WASHINGTON | John Hagee, an influential Texas televangelist who endorsed Sen. John McCain, apologized to Catholics on Tuesday.
Hagee backed off his stinging criticism of the Roman Catholic Church and for having “emphasized the darkest chapters in the history of Catholic and Protestant relations with the Jews.”
Hagee leads a megachurch with a congregation in the tens of thousands and has an even wider television audience.
His support for McCain has drawn cries of outrage from some Catholic leaders who have called on McCain to reject the endorsement. McCain, the likely Republican presidential nominee, has said he does not agree with some of Hagee’s comments, but did not reject his support.
In a letter to the Catholic League for Civil and Religious Rights, Hagee wrote: “… I want to express my deep regret for any comments that Catholics have found hurtful.”
Hagee’s apology was accepted.
The controversy had threatened to pursue McCain throughout the campaign, potentially hurting his standing with Catholic voters.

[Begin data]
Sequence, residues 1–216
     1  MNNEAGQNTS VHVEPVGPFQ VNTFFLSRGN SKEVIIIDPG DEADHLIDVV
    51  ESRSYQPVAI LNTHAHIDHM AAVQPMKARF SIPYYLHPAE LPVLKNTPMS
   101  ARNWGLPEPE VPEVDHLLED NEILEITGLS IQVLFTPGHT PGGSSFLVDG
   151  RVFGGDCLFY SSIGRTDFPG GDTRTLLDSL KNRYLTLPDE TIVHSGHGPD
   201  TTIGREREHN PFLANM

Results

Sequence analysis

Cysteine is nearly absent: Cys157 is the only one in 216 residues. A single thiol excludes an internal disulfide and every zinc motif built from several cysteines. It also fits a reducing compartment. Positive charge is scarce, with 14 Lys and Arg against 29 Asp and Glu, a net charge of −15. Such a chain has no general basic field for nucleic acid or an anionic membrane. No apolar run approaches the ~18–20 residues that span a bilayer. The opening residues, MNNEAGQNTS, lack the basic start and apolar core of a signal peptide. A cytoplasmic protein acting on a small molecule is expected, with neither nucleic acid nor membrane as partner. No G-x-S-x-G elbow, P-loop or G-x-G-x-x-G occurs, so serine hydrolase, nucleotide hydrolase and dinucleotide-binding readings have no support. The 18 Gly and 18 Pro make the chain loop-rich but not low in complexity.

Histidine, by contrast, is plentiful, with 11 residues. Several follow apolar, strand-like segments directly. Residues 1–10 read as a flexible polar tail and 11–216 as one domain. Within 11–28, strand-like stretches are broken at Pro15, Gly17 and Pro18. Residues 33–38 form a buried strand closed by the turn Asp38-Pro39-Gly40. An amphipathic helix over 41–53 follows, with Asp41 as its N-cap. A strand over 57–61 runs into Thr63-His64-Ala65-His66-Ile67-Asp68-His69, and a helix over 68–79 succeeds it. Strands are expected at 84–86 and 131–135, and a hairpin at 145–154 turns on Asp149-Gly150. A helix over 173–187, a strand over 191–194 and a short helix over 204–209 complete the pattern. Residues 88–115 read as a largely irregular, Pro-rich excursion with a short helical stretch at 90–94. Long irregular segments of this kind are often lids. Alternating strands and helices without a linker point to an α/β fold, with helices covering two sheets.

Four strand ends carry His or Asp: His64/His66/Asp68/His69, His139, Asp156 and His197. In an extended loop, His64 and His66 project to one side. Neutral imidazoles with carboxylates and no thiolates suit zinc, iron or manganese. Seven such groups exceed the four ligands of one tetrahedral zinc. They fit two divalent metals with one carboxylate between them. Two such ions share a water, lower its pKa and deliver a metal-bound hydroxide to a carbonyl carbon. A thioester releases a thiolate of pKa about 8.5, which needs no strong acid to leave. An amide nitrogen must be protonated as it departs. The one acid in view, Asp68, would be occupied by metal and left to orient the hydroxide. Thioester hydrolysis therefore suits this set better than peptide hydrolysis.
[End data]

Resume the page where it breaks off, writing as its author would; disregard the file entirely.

A narrow majority of Roman Catholics voted for President Bush in 2004 and for Al Gore in 2000, critical votes in close elections.
The letter came after Hagee met with 22 influential religious activists, virtually all of them Catholics.
Hagee has cited the Inquisition and the Crusades as evidence of anti-Semitism within the Catholic church and has suggested that Catholic anti-Semitism shaped Adolf Hitler’s views of Jews.
“In my zeal to oppose anti-Semitism and bigotry in all its ugly forms, I have often emphasized the darkest chapters in the history of Catholics and Protestant relations with the Jews,” Hagee wrote. “In the process, I may have contributed to the mistaken impression that the anti-Jewish violence of the Crusades and the Inquisition defines the Catholic Church. It most certainly does not.”
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